"This first novel takes some of its emotional cues from Gayle Forman's breakout novel IF I STAY (2009) and will be well received by Sarah Dessen fans...Laurel's grieving process is believable and will resonate with all who have lost someone they love." --Booklist
"A difficult story well told, Jennifer Castle's debut novel opens a window onto the process of loss, transition and recovery...The touching, insightful story of a young woman struggling to put her life back together after a terrible tragedy." --Shelf Awareness
"It is fascinating to watch these two young people try to make sense of their losses and struggle to figure out how to move on...the journey offers a complex look at the aftermath of a tragedy." --VOYA (Voices of Youth Advocates)
"...the detailed writing and smart, realistically cool characters will be appealing to many girls...Offer this to teens who are waiting for the next Sarah Dessen book." --School Library Journal
“Castle expertly guides the narrative through the various stages of grief, refusing to shrink away from even the most difficult areas, where life and death collide. An honest look at grief that is both achingly real and powerfully hopeful.” (Kirkus Reviews)
From the Author
Questions I'm Frequently Asked About "The Beginning of After":
What, or who, inspired you to write "The Beginning of After"?
I'm happy to say I've never experienced a trauma like the one Laurel does in this book. But I've always been a little obsessed with the idea of "the survivor." You lived while others died. So what do you do with that? How does it color the rest of your life? That's just super-interesting to me. Then, years ago, I met a young woman who had lost most of her family in a terrible accident and was devoting her time to volunteer work. I didn't know her well, but I couldn't stop thinking about her story. This was also shortly after the terrorist attacks of September 11, 2001, when everyone I knew was sharing this collective grief, trying to find our paths in a reshaped world. So that combination sparked a story idea for me, about a teenage girl who survives one of the worst imaginable traumas -- the loss of her family -- and how she's now permanently connected to the other "survivor" of the tragedy, her neighbor and former childhood friend.
As the book slowly evolved, it became about other things too. Like how Laurel's grief can never be totally her own; living in a small community and being in high school, she has to get through this trauma with all eyes on her. And how we can create our own families, out of the people around us, when we need to. The cool thing about working on a book for a long time is that you come across a lot of different points of inspiration along the way, and the story grows with your experience.
What kind of research did you do for this book?
I did a lot of reading about how teens grieve, and also about "survivor guilt." I read a few memoirs by young people who have experienced tragedy on this scale. I picked the brain of a therapist friend who works with people overcoming trauma. I didn't go crazy -- I think there's such a thing as too much research. Beyond that, I just made sure I knew my characters as well as I could, and that I knew how to be true to them in the different ways they cope. When a reader who has dealt with grief as a teen tells me they love the book, that I got it just right, it truly means the world to me.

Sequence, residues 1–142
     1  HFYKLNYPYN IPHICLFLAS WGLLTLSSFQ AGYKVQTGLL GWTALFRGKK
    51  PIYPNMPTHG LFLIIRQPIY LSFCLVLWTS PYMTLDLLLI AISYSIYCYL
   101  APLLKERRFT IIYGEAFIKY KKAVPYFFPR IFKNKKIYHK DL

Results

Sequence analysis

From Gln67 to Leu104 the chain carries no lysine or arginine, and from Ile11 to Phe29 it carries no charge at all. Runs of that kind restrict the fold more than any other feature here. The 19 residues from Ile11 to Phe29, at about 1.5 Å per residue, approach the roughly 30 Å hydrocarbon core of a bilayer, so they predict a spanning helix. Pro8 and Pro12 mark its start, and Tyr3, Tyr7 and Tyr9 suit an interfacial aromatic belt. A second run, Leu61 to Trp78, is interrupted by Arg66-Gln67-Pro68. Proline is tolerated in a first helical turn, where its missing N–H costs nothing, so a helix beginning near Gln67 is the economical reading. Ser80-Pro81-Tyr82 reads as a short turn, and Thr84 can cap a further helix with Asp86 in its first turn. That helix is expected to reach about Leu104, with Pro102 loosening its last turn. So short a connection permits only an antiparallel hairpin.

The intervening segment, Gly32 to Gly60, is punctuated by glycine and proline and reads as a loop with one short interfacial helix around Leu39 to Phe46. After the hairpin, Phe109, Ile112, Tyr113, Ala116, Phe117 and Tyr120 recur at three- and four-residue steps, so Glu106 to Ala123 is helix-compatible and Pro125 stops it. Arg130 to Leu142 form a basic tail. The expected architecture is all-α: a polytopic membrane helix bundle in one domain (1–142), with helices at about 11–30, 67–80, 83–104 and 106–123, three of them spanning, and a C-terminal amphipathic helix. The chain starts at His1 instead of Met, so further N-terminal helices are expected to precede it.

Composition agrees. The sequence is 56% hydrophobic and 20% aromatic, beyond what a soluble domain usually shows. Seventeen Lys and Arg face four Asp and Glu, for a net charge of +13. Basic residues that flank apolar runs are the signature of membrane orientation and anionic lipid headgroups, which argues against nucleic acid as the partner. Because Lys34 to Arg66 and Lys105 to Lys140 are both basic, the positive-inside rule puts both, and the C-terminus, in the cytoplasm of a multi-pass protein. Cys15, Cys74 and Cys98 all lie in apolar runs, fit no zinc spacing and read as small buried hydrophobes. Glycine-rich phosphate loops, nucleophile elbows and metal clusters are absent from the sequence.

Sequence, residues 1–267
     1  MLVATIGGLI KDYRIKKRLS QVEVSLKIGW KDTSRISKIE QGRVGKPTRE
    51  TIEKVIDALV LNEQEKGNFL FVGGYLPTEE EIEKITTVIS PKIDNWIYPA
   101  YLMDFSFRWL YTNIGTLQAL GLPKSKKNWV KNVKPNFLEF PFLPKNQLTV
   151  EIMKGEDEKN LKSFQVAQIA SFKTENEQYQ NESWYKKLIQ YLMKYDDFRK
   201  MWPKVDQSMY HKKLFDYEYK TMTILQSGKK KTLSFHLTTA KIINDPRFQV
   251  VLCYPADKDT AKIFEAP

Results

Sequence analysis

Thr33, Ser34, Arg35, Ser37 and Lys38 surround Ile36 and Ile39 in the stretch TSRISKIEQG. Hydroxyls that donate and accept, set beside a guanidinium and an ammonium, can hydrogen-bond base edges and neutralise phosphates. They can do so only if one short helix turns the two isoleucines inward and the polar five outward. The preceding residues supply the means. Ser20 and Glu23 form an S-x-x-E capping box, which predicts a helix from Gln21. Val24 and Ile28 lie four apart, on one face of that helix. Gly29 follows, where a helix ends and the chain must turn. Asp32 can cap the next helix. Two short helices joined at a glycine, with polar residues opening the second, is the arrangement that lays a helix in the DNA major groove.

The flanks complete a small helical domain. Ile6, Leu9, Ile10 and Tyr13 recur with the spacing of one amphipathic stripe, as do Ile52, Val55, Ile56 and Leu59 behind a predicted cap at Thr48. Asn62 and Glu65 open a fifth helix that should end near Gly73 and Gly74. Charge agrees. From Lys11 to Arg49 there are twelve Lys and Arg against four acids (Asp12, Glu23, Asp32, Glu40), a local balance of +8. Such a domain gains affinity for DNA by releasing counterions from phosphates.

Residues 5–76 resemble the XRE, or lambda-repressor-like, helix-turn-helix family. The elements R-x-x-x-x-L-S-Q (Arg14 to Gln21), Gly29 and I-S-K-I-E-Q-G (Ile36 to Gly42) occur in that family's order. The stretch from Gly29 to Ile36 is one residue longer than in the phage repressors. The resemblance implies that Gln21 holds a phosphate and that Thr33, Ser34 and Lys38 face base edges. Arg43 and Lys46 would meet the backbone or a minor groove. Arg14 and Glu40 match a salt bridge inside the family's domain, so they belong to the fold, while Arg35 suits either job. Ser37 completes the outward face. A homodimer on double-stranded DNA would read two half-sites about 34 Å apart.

Did you have a "music playlist" while you were writing "The Beginning of After"?
I did build up a long playlist after all the years I spent working on this book. I don't listen to music while I'm actually writing, but I often take "brainstorming walks" with my iPod that will help me think through a problem or just get me in the right frame of mind to work when I get home. Here are some of my favorites:
What would you like people to take away from the experience of reading "The Beginning of After"?
- "World Spins Madly On" by the Weepies (in my mind, this is the music for the book trailer...even though we never made one!)
- "Cosmic Love" by Florence + The Machine
- "Such Great Heights" by Iron and Wine
- "Breathe Me" by Sia
- "Darklands" by The Jesus and Mary Chain
- "Soul Meets Body" by Death Cab for Cutie
- "The Ghost In You" by The Psychedelic Furs
- "The Scientist" by Coldplay
- "Hometown Glory" by Adele
- "Everything To Me" by Liz Phair
I would love for readers to be able to draw some hope and strength from this book -- whatever kind they need. It may seem overdramatic to write about a girl who loses her entire family at once. But in a way, that's just an extreme metaphor for any type of game-changing event that can happen to us in life -- the ones that draw a line between "before" and "after." Maybe that's a divorce, or a personal injury, or a changed relationship, or a move to another state. Whatever it is and however "truly crappy" it seems, I believe we can survive it. Maybe we can't see it right away, but it might open up fresh opportunities and bring new and surprising people to us.Are you working on another book?
My next book, entitled "You Look Different In Real Life," will be published by HarperTeen on June 4, 2013; a companion digital-original short story, "Playing Keira," will be available for e-readers from HarperTeen Impulse on May 7, 2013. I'm currently working on my third novel, eating lots of dark chocolate, and trying unsuccessfully to switch from black tea to herbal.